WHAT'S IN A STORY?
Here's what I know: Story is emergent—hearing one sparks another within us. Story is connective—we associate with each other through our experiences. Story is reciprocal—it helps us to engage, resonate and empathize. Story conveys understanding—good ones exude complex emotion and truth. Stories help us feel and learn.
I count myself lucky as a sharer of story, often ones of people overcoming—of finding their way, making it and telling the tale.
One of my first stories was about Jill, who lived in a Salvation Army shelter in Los Angeles for homeless families affected by HIV/AIDS. Jill told me about the moment she learned she was positive—and pregnant. The baby would be born infected. Her baby, then 2, had to take four vials of antiretroviral medication a day.
Jill became a mom and it changed her for good. She had a new story to write.
In my work, I like to think I’m in the business of selling change—to enable people to see possibilities, solutions, and their part in them. And to help others become the hero of the story.
For Sarai, who joined the circus at 13 in Nepal and was sold into forced commercial sex work, an individual who read her story became a hero in it.
I met Sarai in Mumbai’s red-light district where she helped to run a Salvation Army drop-in center for prostituted women and a night shelter for young boys. The reader offered to cover the center's monthly rent.
But it doesn’t always come full circle so beautifully. It can easily feel like a story disappears, unseen. So, you have to know why it matters for yourself.
I think, in order to do your best work, you have to be a true believer in the story. If you don’t think it counts, no one else will.
This must be a feeling among those doing the work, as well, like the epidemiologists working with The Salvation Army to prevent and intervene in childhood obesity in partnership with local elementary schools.
I'm out for a different kind of cure, one that asks for curiosity, determination, honesty, and a big heart—especially given the impact a story can have.
A story can make someone feel appreciated.
The Vargases are Salvation Army officers (pastors) in Tijuana, who simultaneously operated a corps (church), two outposts (mini-churches), and three social service programs, including a migrant center where 200 recently deported men can eat, shower, sleep and make calls as they transition.
Nearby, an extended hours day care allows kids to stay safe from 5 a.m. to 10 p.m. while their parents work. Because it is an area with high kidnapping and child trafficking, the Vargases also focused on building awareness of trafficking in the community in order to prevent it.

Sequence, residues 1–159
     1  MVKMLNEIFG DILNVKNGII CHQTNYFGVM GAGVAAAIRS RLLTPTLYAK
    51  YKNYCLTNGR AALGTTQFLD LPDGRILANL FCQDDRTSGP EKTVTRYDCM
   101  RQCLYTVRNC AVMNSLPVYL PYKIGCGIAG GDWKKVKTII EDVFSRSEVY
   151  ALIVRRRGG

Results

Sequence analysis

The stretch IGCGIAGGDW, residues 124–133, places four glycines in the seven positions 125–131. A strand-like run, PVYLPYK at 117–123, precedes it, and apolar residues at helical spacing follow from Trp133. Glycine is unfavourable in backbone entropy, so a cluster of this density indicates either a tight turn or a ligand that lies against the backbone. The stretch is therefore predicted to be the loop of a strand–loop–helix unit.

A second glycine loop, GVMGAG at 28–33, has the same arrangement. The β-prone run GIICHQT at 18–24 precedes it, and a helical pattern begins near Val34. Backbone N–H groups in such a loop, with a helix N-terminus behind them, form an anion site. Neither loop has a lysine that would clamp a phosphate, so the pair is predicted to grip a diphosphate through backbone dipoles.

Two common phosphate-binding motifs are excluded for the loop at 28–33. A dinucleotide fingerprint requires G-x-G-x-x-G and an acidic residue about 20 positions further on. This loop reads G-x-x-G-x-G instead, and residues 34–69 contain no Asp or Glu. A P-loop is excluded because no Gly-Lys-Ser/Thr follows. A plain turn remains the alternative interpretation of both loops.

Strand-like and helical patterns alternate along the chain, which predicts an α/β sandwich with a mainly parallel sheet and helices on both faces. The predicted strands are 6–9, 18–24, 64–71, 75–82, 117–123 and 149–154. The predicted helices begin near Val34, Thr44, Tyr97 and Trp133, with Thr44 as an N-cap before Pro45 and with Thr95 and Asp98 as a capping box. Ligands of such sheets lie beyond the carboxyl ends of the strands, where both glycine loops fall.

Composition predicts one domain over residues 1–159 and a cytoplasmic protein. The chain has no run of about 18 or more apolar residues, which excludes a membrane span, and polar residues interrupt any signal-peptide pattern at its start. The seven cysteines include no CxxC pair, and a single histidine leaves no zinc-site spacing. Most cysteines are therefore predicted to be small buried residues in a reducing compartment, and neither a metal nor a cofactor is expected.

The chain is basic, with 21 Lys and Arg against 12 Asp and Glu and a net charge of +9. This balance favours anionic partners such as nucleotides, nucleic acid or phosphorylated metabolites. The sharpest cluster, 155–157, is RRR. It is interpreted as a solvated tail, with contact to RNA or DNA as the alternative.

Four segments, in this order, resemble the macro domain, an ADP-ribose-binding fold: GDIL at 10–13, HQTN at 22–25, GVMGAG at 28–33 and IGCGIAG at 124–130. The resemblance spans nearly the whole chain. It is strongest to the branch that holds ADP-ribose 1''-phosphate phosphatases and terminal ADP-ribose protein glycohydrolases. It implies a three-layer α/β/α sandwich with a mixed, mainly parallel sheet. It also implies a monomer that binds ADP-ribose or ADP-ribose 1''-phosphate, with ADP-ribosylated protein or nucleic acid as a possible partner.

A story can make someone feel known, connected and believed in—from a woman living on Cuban rations, to a farmer of coffee beans in Vietnam, or a social services professional who devises a new way to reach people experiencing homelessness.
A story can make someone feel loved.
Mary Lawson served dinner to the community in Compton every Monday night for 32 years.
She was recognized in a surprise ceremony before her final dinner as head chef by friends, city council and staff.
“God gives me the menu and I make it; it’s not that I love to cook, but that God has committed me to this work,” she said. “This is a five-star feeding program, and when people come in, I like to treat them like they’re in my home.”
I've made it part of my job to believe in people and possibility.
Like Josseline, who lived at the Way in Center in Hollywood for homeless or aged out teens. At 21, she was just reclaiming custody of her two children. She had recently found a job, completed a year of Narcotics Anonymous and was in school to become dental assistant.
There's so much detail beneath the skin. It's easy to look into someone’s records and discover their finances or arrest warrants, but you will never know how it felt to no longer afford to live indoors or to be reunited with a child—you don’t really know someone—until you talk to them.
Until you know their story.
Take Mike, who was court ordered to rehabilitation with The Salvation Army, addicted to meth and in and out of jail.
He completed the program, and for more than 20 years since has worked at the Anaheim Adult Rehabilitation Center, where he is the transportation supervisor overseeing 14 routes for an average of 300 donation pickups in Orange County each day.
“I was pretty mixed up and messed up, and The Salvation Army saved my life," he said. "I learned to suit up and show up—to go to work every day and give 100 percent. I learned to be respectful and respected.”
That's a story.
So what’s in a story?
It’s not only me that likes stories of people overcoming—that’s the fundamental formula of story.
S = (C + W) * O
A good story is about an interesting character who wants something and faces obstacles in the struggle to achieve it.
The scientific study around story—Narrative Transportation Theory—tells us that through story we feel empathy for the other. If our attention is captured by a story, we’re likely to come to share the emotions of the characters in it—their want, their values.
So how will you connect to the characters in your life? What is your want? What is the narrative engine that gives life to your story?
Find your way. Embrace your story. Live to tell the tale.